In the Hutong
Trying to be impressionable
I am a qualified China fan but a detractor of advertising in general, so it was with some trepidation that I read in Gady Epstein’s blog at Forbes.com that China was planning on a TV ad campaign as a means of making China less threatening to Americans. As Gady pointed out, it was bound to be a tough sell, and for my part I subscribe to the theory that advertising is a fine tool to defend a strong brand, but a lousy one to build or re-build a weak or tainted one.
Now, I am working from an assumption that the American people were the audience, here. The fact that this may not have been the case I deal with below.
Start with the Audience, Guys
Having watched the first effort, I have to confess to being underwhelmed. It is not abysmal, but it is still a profound disappointment. The production values were fine, and the general direction of giving China a human face is a step in the right direction. But the ad struck me as so much self-conscious preening, a request if not a demand for respect, rather than than a friendly, human face.
There are, I know, many Chinese who love the ad, and cannot understand what the problem is. Which, in fact, is the problem. The ad, ostensibly, was not meant for Chinese but American eyes. Whoever approved the ad missed one of the first principles uber-adman David Ogilvy spells out in his 1983 classic Ogilvy on Advertising:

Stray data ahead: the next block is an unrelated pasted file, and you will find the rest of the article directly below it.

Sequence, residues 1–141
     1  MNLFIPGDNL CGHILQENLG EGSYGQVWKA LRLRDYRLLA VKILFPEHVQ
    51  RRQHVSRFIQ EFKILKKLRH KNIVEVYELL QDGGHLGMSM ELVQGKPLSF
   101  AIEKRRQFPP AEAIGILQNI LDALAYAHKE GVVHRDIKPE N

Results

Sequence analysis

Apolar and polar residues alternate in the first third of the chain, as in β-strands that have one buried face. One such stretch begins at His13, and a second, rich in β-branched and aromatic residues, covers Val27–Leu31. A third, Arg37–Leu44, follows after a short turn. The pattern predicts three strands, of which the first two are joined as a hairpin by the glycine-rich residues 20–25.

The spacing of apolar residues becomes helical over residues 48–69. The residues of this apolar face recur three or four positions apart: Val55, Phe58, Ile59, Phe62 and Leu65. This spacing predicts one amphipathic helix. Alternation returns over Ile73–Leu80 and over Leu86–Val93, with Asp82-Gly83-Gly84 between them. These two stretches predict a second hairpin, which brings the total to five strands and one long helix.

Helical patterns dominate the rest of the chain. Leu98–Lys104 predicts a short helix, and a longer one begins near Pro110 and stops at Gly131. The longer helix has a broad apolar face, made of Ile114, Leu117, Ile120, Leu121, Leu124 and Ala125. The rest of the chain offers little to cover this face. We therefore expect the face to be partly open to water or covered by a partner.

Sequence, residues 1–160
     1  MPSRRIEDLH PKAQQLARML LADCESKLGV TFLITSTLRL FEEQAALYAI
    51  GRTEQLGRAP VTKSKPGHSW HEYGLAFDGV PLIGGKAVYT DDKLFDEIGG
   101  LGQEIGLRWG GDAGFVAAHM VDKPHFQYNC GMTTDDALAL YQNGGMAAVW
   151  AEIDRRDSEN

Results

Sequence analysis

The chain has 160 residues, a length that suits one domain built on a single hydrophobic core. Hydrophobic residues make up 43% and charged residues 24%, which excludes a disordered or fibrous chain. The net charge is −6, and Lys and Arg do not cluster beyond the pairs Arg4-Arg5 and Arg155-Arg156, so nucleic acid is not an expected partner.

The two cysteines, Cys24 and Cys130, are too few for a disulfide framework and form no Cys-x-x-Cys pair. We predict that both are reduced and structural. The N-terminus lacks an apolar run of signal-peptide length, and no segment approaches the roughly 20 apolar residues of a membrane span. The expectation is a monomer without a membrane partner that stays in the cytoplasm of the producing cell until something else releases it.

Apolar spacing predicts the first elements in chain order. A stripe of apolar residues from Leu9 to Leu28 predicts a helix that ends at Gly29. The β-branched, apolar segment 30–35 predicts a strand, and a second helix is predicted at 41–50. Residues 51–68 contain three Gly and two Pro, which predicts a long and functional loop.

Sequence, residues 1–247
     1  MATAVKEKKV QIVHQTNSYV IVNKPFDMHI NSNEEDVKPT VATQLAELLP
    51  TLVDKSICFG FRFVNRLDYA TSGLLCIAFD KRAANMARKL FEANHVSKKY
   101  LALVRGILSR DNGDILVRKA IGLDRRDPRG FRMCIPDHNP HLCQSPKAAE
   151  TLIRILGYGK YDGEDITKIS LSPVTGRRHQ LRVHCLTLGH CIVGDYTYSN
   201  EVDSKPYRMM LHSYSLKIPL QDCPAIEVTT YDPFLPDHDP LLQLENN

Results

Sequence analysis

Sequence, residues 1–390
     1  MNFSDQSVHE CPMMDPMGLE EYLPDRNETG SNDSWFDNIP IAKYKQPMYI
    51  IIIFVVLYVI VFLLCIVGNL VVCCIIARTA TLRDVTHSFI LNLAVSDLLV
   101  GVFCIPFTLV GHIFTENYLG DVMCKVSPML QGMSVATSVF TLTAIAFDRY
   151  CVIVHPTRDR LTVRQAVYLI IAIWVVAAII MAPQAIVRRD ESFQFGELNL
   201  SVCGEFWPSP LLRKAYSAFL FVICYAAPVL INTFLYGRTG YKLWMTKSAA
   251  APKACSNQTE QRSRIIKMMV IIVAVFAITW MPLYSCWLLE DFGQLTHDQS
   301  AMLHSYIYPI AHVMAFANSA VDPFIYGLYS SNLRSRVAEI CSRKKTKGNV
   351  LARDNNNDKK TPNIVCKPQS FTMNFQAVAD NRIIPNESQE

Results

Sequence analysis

“Now comes research among consumers. Find out how they think about your kind of product, what language they use when they discuss the subject, what attributes are important to them, and what promise would be most likely to make them buy your brand.” [Italics his]
If China was trying to sell itself to the American people, did it know what Americans were ready to “buy?” Because it seemed like the ad was trying to say “look at us – we’re strong, beautiful, and rich, so you’d better make friends with us.”
This sort of message likely to fall flat outside of the Panda-hugger crowd. Indeed, it is a pretty good example a “fear, uncertainty, and doubt” campaign rather than a “hi, let’s be friends” campaign. And if it was designed to make friends, I would bet the government will learn pretty quickly that it failed to work as promised.
Don’t Blame the Agency
While it would be easy to blame the ad agency or producer of the ad for this (and they may wind up tossed under the virtual truck if their client thinks the ad fell flat), I would wager the problem is at least as much, if not more, on the client side.
Client executives who are new to the ad game tend to fall in love with ads, slogans, and messages that tell them what THEY like to hear, not what will move their audiences.That is, unfortunately, human nature, and in fact what separates a good marketer from your average Zhou is not so much the possession of special skills or knowledge, but the deep empathy for and understanding of group of people and the ability to substitute their preferences for your own. China’s government and business leaders have yet to demonstrate this skill, much less an instinctive feel for the Yankee Zeitgeist.
Make Next Time Better